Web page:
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Favorite period? Now? As a kid?

galanx

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I'm a newbie, so I'm sure this must have been done, but what's your favorite period? Now? As a kid?

My interest was always ancient/classical, extending from "cavemen" but coming to a screeching halt at the onset of the medieval. I could stretch it up to the Norman Conquest, but that was it.

These days, I can read anything that's good 'g Flashman, , but the mists of time still draw me back.

My favorites as a kid were
The Great Axe Bretwalda: Alfred the Great vs. the Danes
The Year of the Horsetails: Huns vs Slavs in the Central Eurasian steppes
The Hills of Varna: okay, it's Renaissance, but concerns Classical Greece: young Englishman dispatched by Erasmus to find ancient Athenian comedy "The Gadfly", hidden in a monastery in the Balkans . The prequel deals with the actual writing of the play and politics in ancient Athens- both are very Whiggish, pro-democracy and liberalism, Varna stereotypes obscurantist Medieval monks.
 

Ray McCarthy

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450AD to 1200 AD Ireland
Elizabethan (Elisabeth I or a bit earlier) to Edwardian (really 1914 though he died in 1910) or even 1939.
1700s to early 1900s are fascinating for technology.

Rome older Chinese, Greek, Scandinavian and Celtic stories, the exact period can be vague.
 

Brian G Turner

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I never liked history much as a kid - I liked some of the imagery, but got bored by lists of kings that underpinned the political history we were taught at school.

What I love now is living history - how ordinary people got by in the world. I'm interested in any period up to around 1650 - possibly because rural living changed very little until then. After that date, though, you start to hit the beginnings of the Industrial Revolution which changed everything for everyone.
 

Ray McCarthy

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I never liked history much as a kid - I liked some of the imagery, but got bored by lists of kings that underpinned the political history we were taught at school
I liked the bits that weren’t that. I had the UK school history lessons. My children suffered the Irish school ones, which have different tedious obsessions to the UK Tudors etc.
I enjoyed 1066 and all that as a kid.
 

mosaix

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As a kid - knights in armour / soldiers in armour. So that would be the middle ages and the Romans.

Now - probably The Second World War. Its current enough to still be affecting the lives of living people.
 

TheDustyZebra

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I guess I've always been taken with Ancient Greece and Rome. I remember drawing pictures of gods and goddesses and making lists of their names across the different cultures. And now my favorite historical fiction is about Rome.
 

Ray McCarthy

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making lists of their names across the different cultures.
I think I saw your table on Wikipedia earlier today.

Julius Caesar did that. In fact he neglected to tell us what the "locals" really called their gods. Since the Roman ones pretty much match the Greek ones (other than name) he seems to have assumed that's how it "really" works. Except of course as you got farther from Greece & Roman culture it became less true.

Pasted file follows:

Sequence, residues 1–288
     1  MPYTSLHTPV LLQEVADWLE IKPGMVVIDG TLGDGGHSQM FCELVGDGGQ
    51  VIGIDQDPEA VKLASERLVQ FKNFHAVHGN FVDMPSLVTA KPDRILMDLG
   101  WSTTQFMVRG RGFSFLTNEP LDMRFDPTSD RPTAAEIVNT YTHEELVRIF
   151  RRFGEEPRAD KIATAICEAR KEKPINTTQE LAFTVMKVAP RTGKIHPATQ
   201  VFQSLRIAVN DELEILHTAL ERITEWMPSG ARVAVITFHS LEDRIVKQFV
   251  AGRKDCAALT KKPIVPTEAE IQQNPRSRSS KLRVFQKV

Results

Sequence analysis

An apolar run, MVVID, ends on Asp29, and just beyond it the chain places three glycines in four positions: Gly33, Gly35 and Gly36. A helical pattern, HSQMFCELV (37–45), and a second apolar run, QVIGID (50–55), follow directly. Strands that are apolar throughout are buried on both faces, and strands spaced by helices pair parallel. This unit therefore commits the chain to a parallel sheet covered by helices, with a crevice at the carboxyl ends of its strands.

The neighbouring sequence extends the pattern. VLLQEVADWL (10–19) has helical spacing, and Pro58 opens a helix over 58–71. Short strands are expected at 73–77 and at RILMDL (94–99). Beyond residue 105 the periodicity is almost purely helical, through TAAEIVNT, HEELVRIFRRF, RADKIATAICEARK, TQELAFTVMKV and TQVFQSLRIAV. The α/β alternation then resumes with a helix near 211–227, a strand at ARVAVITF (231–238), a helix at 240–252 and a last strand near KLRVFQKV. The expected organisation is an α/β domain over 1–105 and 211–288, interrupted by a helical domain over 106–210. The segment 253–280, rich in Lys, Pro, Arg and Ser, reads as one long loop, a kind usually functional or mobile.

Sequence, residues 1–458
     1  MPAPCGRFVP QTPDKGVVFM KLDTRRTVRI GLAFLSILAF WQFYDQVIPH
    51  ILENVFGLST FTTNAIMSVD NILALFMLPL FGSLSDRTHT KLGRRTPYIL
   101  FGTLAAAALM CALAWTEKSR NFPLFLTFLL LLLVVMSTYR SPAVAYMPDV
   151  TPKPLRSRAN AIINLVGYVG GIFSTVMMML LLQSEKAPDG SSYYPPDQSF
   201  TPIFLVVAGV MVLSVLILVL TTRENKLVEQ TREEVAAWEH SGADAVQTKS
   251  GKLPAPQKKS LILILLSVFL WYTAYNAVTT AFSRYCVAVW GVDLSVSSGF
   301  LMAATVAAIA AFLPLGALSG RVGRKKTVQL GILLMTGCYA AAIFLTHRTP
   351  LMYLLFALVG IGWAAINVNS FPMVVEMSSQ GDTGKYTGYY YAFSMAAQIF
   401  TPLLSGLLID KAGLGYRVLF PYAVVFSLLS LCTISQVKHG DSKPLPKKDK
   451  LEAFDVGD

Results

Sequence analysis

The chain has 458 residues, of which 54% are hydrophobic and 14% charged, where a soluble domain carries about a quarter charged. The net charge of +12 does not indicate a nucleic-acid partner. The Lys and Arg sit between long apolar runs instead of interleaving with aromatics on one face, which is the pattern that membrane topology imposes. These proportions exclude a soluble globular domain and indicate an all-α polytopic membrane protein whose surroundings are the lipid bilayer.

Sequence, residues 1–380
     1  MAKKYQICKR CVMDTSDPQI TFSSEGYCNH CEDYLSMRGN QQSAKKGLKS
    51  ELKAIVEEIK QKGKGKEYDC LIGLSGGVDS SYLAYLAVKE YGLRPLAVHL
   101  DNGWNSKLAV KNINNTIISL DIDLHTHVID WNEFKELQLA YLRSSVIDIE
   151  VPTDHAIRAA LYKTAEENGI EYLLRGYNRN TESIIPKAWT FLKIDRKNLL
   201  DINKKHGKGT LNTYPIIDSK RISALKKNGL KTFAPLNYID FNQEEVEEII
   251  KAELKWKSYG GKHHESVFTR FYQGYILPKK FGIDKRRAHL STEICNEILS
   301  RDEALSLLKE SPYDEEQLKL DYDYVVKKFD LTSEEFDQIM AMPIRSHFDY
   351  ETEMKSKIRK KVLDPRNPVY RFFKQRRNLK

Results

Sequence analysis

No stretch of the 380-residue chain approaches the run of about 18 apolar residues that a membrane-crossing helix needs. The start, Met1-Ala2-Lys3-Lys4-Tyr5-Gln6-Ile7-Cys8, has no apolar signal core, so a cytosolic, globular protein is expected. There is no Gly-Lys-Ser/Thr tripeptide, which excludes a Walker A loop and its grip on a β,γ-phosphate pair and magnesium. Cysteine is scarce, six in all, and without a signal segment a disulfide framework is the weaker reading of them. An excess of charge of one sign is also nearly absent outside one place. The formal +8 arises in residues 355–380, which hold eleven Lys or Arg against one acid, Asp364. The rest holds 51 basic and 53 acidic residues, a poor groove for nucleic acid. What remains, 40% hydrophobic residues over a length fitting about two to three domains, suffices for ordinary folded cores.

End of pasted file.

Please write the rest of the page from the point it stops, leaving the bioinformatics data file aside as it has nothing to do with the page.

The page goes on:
Some of the gods of Egyptian, Canaanite/Phoenetian, Babylonian, Insular Celts, Central Europe Celts, Gaulish Celts, Scandinavians and Teuton/Germanic do "match" with each other, or gradually become similar. Others certainly aren't. :D
 

juelz4sure

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Personally I'm a huge fan of ancient Egypt, as a kid I wanted to be an egyptologist but realized it would never work. I most definitely wasn't opening any tombs lol.
 

Andersson

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As a kid it was definitely knights in armor. Me and my brother used to run around with wooden swords made by our grandfather, great times.

Later I got really into cowboys, I remember watching a lot of old westerns on TV, and we had those toy guns with small gunpowder charges that went off as you pulled the trigger.

As a teenager I read a lot of fantasy so I kind of got away from real history for a while.

Now I couldn't tell you what my favorite period is, there's just too many to choose from, though at the moment I'm pretty into feudal Japan (Sengoku period). Unfortunately there isn't much fiction covering that period (at least in English).
 

KurganX

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Ancient and medieval times to me. Just imagine all those ancient empires we know nearly nothing about except a few pillars or so. Their citizens thought their religion and their states will last forever like we do right now. Now we sometimes do not even know its names.
 

Judderman

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Ancient History and up to Medieval times were also my favourite study subjects as a boy. I didn't enjoy Victorian and 20th century at all though now I find that reasonably interesting too. Castles and life revolving around castles was my first love. The saddest thing about now living in Canada is the distinct, but understandable, lack of castles.